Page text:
Ana & Sever Petrovici-Popescu. The Other’s Skin

Ana & Sever Petrovici-Popescu. The Other’s Skin

12 – 26 Nov 2020
opening reception: 12 Nov / 6pm

Future Museum (Ion Ghica 11, Bucharest)
Mo – Fri | 10.00am – 4.00pm

‘The Other`s Skin’ investigates the social, religious and political constructs that affect the interpersonal relationship by normalizing the hierarchies and divisions destined with predilection for Other. The rules are internalized until the personal identity is broken.

In this context, the identity of the Other looks like the folds of the skin that gather in its layers unequal conglomerates of fat and memory of the power relations encountered both in one’s own society and abroad. Thus, the Other enters into a process of definition and self-definition in which he is cut and researched, but once broken, it gives rise to new cuts, new angles that help him or prevent him from reacting. The skin becomes heavier and detaches itself from the body by losing its subjectivity.


My works come from a power relationship that is always unequal to the Other, his tendency to impose himself and my inability to retaliate.

Society is built on relations of subordination whether we are talking about the hierarchical structure at work, or we are talking about family relationships. Any interaction between two people gives rise to an unequal relationship.

In this situation of aggression and domination specific to society, the weakest does not have any chance to express himself, his skin becomes his last protection in front of the other. When the skin becomes an armor, it no longer belongs to you, it’s just a coating that keeps track of all aggression.

On top of the society`s rules comes the one created by religion. Even today, religion is often used as a supreme argument to make people shut up, to put the Other on the defensive position in the name of a supreme authority, and it can be used to dismiss any inconvenient public manifestation, but also to regulate the most intimate aspects of life.


When a person migrates, he is automatically assigned the role of the Other that he considers temporary if he follows the requirements of integration. What follows is a love and hate situation for both the migrant and the host society.

The condition and integration of the migrant can also be discussed in agricultural terms, especially during the pandemic that highlighted the inequalities on the Romanian seasonal workers. Integration can be like the grafting in pomiculture, because it involves the inoculation of principles and values much more appropriate to become the universal/ global individual. However, in the process of cutting, by opening the skin, the inside can pour and contaminate the space with its strangeness and specificity.

Just as it is normal for agricultural products to be eaten, it is required for the migrant to assimilate, to digest a new culture. Claude Levi-Strauss stated that in order to be able to identify with the other, it is necessary to eat him, so integration becomes equivalent to cannibalize and letting yourself be cannibalized.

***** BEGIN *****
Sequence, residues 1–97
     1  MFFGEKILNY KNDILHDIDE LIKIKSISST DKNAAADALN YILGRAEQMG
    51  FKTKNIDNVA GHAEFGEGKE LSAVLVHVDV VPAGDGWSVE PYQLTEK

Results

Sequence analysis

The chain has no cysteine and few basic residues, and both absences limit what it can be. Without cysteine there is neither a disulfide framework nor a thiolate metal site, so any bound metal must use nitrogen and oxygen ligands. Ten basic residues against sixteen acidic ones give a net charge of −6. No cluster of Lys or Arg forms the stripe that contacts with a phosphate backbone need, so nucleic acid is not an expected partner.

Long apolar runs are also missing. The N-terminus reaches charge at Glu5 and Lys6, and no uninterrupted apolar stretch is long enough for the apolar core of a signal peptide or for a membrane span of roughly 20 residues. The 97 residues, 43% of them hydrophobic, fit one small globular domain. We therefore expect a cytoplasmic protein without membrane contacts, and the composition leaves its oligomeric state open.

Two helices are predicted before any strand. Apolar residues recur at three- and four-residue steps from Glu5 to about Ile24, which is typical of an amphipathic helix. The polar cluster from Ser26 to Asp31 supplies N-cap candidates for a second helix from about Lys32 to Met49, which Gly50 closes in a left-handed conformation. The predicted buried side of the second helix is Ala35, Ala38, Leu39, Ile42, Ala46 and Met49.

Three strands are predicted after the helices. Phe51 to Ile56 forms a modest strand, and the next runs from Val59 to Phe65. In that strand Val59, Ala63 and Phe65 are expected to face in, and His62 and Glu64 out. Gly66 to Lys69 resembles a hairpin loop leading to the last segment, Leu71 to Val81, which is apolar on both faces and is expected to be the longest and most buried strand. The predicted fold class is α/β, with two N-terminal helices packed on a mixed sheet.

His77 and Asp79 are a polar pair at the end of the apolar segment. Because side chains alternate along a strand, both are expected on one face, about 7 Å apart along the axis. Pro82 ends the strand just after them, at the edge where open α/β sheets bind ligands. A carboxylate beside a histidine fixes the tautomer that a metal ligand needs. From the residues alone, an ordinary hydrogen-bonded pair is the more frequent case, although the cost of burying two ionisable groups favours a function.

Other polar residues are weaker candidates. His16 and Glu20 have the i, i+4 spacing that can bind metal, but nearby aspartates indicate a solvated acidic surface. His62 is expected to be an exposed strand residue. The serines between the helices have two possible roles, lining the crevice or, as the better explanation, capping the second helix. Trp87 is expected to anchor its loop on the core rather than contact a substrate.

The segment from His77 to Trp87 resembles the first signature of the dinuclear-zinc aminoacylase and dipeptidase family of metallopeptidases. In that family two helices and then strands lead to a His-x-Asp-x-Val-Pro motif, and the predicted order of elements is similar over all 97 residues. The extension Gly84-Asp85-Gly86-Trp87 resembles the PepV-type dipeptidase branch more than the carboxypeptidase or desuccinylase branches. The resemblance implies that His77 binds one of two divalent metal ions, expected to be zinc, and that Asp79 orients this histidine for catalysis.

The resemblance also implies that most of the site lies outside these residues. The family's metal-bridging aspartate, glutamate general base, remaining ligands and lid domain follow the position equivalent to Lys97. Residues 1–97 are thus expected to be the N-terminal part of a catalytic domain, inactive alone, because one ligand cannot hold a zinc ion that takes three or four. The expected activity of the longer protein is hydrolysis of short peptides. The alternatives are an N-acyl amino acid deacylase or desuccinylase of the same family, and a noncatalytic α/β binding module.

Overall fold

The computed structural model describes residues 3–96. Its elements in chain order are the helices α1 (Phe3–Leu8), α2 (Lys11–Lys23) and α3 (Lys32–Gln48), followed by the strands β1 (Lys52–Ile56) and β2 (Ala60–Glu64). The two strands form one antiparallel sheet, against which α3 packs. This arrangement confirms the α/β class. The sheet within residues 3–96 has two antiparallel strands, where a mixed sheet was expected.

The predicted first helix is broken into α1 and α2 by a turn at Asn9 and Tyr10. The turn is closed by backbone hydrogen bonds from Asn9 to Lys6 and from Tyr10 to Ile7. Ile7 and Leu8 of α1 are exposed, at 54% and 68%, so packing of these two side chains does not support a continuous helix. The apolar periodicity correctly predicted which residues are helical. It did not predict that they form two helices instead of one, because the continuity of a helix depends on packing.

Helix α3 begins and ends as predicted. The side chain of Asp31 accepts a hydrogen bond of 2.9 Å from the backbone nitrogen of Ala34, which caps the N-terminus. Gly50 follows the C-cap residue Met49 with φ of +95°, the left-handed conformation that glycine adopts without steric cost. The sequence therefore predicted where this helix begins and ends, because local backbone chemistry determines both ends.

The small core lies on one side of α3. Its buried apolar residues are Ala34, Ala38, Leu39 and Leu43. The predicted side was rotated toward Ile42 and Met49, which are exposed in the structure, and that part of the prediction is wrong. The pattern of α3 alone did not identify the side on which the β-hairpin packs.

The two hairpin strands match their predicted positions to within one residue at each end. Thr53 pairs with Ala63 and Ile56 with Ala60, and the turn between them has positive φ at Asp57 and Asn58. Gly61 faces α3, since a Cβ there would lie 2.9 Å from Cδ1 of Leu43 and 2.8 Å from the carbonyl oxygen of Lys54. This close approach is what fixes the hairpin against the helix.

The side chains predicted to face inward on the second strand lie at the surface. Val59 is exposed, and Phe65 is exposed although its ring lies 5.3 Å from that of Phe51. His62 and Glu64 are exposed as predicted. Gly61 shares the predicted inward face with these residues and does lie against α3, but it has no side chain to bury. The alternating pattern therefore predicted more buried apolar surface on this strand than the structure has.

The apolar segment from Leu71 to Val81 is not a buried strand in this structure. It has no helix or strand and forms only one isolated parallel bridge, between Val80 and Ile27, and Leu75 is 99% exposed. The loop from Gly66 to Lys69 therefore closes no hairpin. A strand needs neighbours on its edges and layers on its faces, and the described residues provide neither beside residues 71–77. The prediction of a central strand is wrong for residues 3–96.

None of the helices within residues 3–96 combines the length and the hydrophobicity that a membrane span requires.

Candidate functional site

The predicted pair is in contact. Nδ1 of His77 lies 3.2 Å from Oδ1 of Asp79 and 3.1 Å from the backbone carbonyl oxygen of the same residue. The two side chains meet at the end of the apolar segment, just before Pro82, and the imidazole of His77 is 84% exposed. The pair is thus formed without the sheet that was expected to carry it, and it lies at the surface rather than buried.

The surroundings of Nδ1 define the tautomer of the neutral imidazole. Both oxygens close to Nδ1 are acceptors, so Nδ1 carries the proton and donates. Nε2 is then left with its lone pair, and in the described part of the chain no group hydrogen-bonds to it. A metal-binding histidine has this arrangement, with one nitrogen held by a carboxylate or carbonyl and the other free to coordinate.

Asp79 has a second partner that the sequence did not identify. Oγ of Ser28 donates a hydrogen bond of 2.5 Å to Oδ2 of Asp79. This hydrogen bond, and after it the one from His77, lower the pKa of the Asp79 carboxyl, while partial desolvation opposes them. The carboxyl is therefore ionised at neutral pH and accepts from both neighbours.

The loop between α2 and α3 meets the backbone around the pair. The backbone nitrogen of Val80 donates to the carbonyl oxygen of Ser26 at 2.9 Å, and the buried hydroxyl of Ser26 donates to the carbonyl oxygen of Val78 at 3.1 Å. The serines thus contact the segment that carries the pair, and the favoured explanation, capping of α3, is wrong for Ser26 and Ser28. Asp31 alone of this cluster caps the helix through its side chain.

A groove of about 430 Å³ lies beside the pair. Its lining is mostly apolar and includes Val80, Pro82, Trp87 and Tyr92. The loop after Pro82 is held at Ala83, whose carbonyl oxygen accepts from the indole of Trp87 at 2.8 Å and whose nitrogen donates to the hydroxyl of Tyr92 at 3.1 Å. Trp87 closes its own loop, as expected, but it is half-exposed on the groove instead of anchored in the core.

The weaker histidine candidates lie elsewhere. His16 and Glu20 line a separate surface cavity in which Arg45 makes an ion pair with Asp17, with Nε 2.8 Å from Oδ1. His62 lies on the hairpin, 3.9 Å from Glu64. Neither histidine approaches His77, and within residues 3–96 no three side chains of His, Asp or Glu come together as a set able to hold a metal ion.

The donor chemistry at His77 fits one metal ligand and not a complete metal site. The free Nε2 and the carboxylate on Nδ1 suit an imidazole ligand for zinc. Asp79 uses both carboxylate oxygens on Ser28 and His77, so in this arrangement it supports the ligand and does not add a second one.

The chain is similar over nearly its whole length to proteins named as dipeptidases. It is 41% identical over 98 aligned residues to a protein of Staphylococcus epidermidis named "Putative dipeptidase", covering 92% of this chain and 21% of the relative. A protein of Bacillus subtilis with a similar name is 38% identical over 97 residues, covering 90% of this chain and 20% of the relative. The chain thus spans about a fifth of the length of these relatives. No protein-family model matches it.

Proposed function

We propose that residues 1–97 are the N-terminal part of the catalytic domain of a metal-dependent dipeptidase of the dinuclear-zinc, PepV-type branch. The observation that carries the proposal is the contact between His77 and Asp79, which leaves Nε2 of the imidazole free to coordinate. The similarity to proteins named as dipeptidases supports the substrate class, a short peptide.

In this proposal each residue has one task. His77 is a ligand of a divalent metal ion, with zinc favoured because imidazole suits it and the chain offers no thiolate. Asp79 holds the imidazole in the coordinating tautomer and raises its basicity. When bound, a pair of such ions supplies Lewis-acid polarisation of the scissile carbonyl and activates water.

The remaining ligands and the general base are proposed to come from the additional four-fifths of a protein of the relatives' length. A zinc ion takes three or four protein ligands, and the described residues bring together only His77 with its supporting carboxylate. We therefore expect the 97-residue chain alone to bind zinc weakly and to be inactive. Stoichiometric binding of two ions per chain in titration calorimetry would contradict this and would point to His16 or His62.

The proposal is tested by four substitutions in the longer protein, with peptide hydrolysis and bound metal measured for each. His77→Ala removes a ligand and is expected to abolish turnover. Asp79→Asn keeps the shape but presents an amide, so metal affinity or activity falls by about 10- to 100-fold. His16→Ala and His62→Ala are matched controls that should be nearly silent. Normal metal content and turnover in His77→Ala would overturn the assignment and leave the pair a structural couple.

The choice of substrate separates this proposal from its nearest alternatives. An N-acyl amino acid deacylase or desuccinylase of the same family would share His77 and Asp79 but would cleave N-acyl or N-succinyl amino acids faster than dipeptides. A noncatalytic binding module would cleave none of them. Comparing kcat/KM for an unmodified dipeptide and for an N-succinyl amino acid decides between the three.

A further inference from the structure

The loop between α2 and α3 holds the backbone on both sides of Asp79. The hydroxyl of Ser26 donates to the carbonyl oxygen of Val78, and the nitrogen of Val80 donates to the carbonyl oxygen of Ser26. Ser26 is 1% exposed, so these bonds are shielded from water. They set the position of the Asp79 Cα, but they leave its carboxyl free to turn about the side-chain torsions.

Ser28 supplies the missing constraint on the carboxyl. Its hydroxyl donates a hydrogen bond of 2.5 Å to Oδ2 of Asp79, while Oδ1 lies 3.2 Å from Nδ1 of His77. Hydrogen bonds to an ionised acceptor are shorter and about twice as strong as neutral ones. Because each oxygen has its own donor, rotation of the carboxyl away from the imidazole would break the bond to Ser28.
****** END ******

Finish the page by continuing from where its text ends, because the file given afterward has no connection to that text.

From this perspective, the EAT ME, EATING YOU installation approaches the digestion process, which can only be in both directions. The armpit is that part hidden from sight that we hardly use in touching the Other, but when the underarm expands, the movement becomes disarticulated and new, and it begins to resemble an always full and hungry mouth through which it can grasp the Other. The armpit tastes it with desire, with moisture and with cracked pores, but it can’t keep it inside for a long time, so it ends up flooding the others` corporal space. The repetition of the form with methyl blue disinfects and cleanses, keeping to a certain extent the toxicity that by obsession gives rise to fetishization.

A FINGER IN EVERY PIE addresses the statement of German Foreign Minister Bernhard von Bülow who said in 1897 that Germany needed colonies to have the same status as the world’s great powers.

To emphasize the power of seduction and anxiety of a cannibal relationship, I chose to use the artificiality of plastic because it contrasts with the naturalness of the skin, becoming a support while imitating / replacing the softness and smoothness of those areas of the body excluded or hidden in clothes.

This event is organised by Future Museum (Centrul Ceh București), with the support of Budweiser Budvar.

Future Museum
Ion Ghica 11

Since January 2016
Mo – Fri | 9 am – 4.30 pm

For more information,
images, quotes and interview
requests, please contact:

Sorina Neaga
0724 352927

Exhibitions are organized by the Czech Centre in Bucharest.
Since 2018 supported by Budweiser Budvar.

Media partners: AGERPRESDilema vecheThe Romania JournalRadio România CulturalThe InstituteTANANANATVR Pagina OficialaObservator culturalRevista ARTARevista ZeppelinZiarul MetropolisIgloo media.